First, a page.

The Freedom of the Press Foundation’s media preservation efforts extend beyond Gawker. The organization has also already captured a copy of LA Weekly, an alternative Los Angeles newspaper that was recently bought by mysterious owners who initially declined to reveal themselves to the publication’s employees. Shortly after the site was bought, a former editor published a blog post on the LA Weekly website titled “Who Owns LA Weekly?” which was later deleted. But Freedom of the Press had already captured a copy. The organization is also working to archive the blog The Toast. Its former editor Nicole Cliffe recently announced the site—along with its archives—would be temporarily shuttered.

Cliffe was also notified Tuesday that The Toast will be archived by the US Library of Congress. “I’m endlessly grateful that so many people continue to love and value something that meant so much to us,” says Cliffe.

The Archive-It service that Freedom of the Press will use already helps libraries, academics, schools, and other groups preserve information on the internet. For example, the University of California Los Angeles maintains a collection of webpages related to the 2011 Occupy Wall Street Protests. Using Freedom of the Press’ “Threatened Outlets” database, you can search for a specific article by publication.

If you come across a webpage that has been removed anywhere online, a good place to start is the Internet Archive’s Wayback Machine. There you can enter a link, and see if the non-profit has an archived version of that page. There’s also a Chrome extension that does the same thing. You can use both services to resurface any deleted Toast, Gawker, and LA Weekly articles, according to Higgins’ blog post.

This isn’t the first project Freedom of the Press has worked on related to preserving online journalism. In November, the organization released gotham-grabber, a tool which lets journalists and others automatically create PDF versions of news articles. The project was created after both the Gothamist network of sites and DNAInfo—a local news site that focused on neighborhoods in Chicago and New York City—were shuttered suddenly in November by their billionaire owner after employees at the publications voted to unionize. After the sites were closed, their archives were temporarily unavailable, sending writers who had worked for the publications into panic.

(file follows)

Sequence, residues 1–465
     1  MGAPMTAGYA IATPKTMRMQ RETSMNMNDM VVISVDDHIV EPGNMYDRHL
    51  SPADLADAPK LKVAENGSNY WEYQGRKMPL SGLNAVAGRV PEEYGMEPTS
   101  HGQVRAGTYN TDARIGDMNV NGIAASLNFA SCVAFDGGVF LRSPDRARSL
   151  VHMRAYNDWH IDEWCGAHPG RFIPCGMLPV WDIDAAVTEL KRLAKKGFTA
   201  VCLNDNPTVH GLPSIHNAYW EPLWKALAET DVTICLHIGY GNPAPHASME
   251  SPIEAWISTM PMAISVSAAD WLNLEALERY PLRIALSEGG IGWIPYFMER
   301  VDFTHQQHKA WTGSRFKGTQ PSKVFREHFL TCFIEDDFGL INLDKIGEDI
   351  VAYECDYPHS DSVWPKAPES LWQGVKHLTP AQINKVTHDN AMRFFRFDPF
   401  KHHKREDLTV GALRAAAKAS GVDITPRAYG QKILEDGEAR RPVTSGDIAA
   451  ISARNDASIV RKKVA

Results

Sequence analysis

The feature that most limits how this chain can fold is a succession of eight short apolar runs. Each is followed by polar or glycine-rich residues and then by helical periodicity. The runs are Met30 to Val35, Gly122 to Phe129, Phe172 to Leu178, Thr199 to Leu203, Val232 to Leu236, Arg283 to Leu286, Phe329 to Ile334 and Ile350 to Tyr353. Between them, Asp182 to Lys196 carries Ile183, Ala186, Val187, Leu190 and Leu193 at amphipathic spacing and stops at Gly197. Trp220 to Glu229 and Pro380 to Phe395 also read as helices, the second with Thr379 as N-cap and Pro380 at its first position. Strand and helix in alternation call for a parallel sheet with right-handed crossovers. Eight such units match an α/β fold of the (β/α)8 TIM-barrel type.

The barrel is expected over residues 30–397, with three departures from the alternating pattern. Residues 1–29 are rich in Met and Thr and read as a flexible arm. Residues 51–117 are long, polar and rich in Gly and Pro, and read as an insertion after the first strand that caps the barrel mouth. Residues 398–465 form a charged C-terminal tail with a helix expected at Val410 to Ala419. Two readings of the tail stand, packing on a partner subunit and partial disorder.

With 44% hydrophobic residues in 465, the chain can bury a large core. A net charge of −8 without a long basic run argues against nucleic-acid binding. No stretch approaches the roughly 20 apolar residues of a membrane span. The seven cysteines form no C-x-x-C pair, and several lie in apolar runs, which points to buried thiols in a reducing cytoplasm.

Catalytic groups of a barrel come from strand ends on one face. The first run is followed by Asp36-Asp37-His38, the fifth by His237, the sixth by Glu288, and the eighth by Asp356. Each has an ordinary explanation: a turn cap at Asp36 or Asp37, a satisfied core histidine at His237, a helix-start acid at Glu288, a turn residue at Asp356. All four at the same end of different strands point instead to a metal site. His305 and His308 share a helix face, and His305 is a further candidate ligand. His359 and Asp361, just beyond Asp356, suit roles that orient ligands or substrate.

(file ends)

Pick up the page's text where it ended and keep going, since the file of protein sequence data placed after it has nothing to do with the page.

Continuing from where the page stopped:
“When we were shut down and thought that all of our work was destroyed it was the worst feeling you could possibly have,” says Rebecca Fishbein, who worked at Gothamist for six years. “I’ve written over 4,700 posts [for Gothamist], I wasn’t really able to get 4700 PDFs onto my computer.” Using gotham-grabber, Higgins was able to provide Fishbein with an archive of all her work within a couple of hours.

Together, the Freedom of the Press’ two tools provide a strong framework for reducing censorship in online journalism. A disgruntled billionaire may very well be less likely to try and take over a publication if they know they can’t delete its articles from the web. Of course, causing a site to cease publication in the first place causes much deeper harm. Still, it’s comforting to know that with the help of Freedom of Press and Archive-It, the internet never forgets.